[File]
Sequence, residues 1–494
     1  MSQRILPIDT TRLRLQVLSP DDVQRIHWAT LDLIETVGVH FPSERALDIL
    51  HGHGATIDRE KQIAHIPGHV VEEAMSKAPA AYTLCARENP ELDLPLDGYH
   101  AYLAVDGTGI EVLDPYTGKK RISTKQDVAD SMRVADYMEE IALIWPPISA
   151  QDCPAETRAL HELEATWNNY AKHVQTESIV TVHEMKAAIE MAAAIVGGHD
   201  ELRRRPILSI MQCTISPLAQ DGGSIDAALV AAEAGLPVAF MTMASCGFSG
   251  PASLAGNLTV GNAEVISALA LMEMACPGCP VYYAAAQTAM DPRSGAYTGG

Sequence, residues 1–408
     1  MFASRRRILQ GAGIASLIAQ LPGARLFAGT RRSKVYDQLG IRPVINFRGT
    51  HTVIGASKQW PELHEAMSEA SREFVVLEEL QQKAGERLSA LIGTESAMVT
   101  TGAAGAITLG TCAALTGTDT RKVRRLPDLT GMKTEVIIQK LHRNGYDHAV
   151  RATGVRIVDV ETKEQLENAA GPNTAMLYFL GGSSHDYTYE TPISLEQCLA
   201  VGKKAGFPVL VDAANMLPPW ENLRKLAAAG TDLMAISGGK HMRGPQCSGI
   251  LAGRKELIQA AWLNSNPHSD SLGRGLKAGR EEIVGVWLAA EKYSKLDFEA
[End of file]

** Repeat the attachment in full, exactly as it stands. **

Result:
Sequence, residues 1–494
     1  MSQRILPIDT TRLRLQVLSP DDVQRIHWAT LDLIETVGVH FPSERALDIL
    51  HGHGATIDRE KQIAHIPGHV VEEAMSKAPA AYTLCARENP ELDLPLDGYH
   101  AYLAVDGTGI EVLDPYTGKK RISTKQDVAD SMRVADYMEE IALIWPPISA
   151  QDCPAETRAL HELEATWNNY AKHVQTESIV TVHEMKAAIE MAAAIVGGHD
   201  ELRRRPILSI MQCTISPLAQ DGGSIDAALV AAEAGLPVAF MTMASCGFSG
   251  PASLAGNLTV GNAEVISALA LMEMACPGCP VYYAAAQTAM DPRSGAYTGG

Sequence, residues 1–408
     1  MFASRRRILQ GAGIASLIAQ LPGARLFAGT RRSKVYDQLG IRPVINFRGT
    51  HTVIGASKQW PELHEAMSEA SREFVVLEEL QQKAGERLSA LIGTESAMVT
   101  TGAAGAITLG TCAALTGTDT RKVRRLPDLT GMKTEVIIQK LHRNGYDHAV
   151  RATGVRIVDV ETKEQLENAA GPNTAMLYFL GGSSHDYTYE TPISLEQCLA
   201  VGKKAGFPVL VDAANMLPPW ENLRKLAAAG TDLMAISGGK HMRGPQCSGI
   251  LAGRKELIQA AWLNSNPHSD SLGRGLKAGR EEIVGVWLAA EKYSKLDFEA